Bencze, J. L, Carter, L. & Krstovic, M. (2018). Youth uses of actor-network theory for undermining societal consumerism. 16G. Reis, M. Mueller, R. Gisewhite, L. Siveres and R. Brito. Sociocultural Perspectives on Youth Ethical Consumerism 71-99.: Springer. Retrieved from https://doi.org/10.1007/978-3-319-65608-3
School science and fields of professional science and technology appear to be cooperatively-enmeshed in a global economic system prioritizing enrichment of few capitalists while compromising wellbeing of many individuals, societies and environments. Governments and extra-national entities like the Organisation for Economic Co-operation and Development promote strategic (non-)intervention in markets aimed at maximizing private profit, partly facilitated by externalization of personal, social and environmental costs. A major mechanism of this system appears to be creation of elastic and enthusiastic consumer desires – particularly among the minority with few needs and who may repeatedly ignore problems associated with commodities. School science (including through Science, Technology, Engineering & Mathematics education) appears to be contributing to such consumerism. Fields of science are, for example, portrayed as overly systematic, efficient, unbiased – and unproblematic regarding harms to individuals, societies and environments. Learners also may become alienated from opportunities to self-determine perspectives and practices important to them and their communities. Drawing, in part, from liberatory pedagogy, this chapter features the case of a radical science teacher whose uses of actor-network theory to promote student-led research-informed and negotiated actions to address critical socio-scientific problems seem to counter tendencies towards consumerism and associated potential personal, social and environmental harms.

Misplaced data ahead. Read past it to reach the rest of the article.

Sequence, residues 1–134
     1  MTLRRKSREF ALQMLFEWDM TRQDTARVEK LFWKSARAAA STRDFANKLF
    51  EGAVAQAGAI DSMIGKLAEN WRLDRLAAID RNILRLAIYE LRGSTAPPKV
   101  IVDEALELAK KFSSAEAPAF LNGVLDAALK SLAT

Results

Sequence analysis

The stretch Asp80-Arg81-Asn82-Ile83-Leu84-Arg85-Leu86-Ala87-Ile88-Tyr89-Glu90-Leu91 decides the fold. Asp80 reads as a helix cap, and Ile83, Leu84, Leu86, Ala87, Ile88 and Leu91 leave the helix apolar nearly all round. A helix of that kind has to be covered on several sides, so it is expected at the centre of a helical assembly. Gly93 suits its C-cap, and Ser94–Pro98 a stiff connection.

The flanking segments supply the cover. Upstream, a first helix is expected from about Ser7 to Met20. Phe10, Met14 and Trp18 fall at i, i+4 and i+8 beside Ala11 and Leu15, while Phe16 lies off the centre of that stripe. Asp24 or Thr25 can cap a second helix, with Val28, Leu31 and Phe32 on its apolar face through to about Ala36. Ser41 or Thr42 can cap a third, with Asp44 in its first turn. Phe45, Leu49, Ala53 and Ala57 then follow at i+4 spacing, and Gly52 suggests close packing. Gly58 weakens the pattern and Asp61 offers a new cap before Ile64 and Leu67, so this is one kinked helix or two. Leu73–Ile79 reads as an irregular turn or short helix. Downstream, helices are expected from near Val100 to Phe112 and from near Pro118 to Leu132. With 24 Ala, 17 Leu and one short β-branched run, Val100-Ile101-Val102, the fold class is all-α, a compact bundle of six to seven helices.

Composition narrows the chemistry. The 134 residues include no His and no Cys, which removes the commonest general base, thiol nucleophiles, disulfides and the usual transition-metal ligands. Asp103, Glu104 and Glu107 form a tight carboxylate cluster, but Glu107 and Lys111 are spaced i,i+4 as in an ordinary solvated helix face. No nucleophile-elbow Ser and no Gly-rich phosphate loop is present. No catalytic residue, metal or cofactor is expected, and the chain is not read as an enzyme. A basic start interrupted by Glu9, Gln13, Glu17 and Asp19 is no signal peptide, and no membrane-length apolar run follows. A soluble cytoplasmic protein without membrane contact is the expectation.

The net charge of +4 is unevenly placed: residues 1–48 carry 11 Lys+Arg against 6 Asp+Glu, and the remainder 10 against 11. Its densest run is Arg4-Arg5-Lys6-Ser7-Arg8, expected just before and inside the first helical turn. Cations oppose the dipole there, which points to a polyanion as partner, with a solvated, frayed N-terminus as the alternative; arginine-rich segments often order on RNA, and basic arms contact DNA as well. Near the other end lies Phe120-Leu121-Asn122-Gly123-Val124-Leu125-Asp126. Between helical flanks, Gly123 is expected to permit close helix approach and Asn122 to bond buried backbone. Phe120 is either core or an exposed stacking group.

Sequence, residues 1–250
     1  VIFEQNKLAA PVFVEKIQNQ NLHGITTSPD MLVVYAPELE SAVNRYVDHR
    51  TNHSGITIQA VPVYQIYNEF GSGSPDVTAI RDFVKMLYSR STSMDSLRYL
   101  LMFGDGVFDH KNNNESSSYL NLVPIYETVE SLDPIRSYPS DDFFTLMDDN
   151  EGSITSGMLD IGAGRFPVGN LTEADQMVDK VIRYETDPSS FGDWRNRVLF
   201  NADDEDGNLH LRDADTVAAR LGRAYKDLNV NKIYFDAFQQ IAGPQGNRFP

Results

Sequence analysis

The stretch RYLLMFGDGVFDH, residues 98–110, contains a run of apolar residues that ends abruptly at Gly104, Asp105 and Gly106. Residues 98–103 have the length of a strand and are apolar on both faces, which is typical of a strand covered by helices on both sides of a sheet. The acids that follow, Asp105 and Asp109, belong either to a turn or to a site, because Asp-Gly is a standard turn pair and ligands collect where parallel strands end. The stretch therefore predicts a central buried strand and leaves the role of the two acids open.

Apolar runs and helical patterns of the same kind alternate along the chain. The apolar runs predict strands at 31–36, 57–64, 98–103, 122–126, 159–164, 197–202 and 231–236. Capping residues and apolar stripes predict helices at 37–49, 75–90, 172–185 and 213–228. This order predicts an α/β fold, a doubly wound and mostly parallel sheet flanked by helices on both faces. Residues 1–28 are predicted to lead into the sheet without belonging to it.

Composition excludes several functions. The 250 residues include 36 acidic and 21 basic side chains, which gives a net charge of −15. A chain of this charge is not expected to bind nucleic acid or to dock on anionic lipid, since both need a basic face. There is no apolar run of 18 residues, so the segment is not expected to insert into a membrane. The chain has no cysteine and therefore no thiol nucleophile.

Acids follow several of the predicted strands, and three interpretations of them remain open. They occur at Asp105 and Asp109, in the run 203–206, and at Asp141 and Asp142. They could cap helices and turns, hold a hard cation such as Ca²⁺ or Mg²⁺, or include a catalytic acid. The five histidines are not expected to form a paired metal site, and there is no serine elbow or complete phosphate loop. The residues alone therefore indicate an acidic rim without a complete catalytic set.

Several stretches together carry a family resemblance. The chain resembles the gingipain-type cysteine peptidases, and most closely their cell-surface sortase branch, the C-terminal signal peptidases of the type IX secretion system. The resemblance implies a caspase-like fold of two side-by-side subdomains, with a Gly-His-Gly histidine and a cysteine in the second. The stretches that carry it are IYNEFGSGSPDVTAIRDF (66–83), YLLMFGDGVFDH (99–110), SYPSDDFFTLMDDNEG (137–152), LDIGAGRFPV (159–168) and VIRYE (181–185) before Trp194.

School of Education
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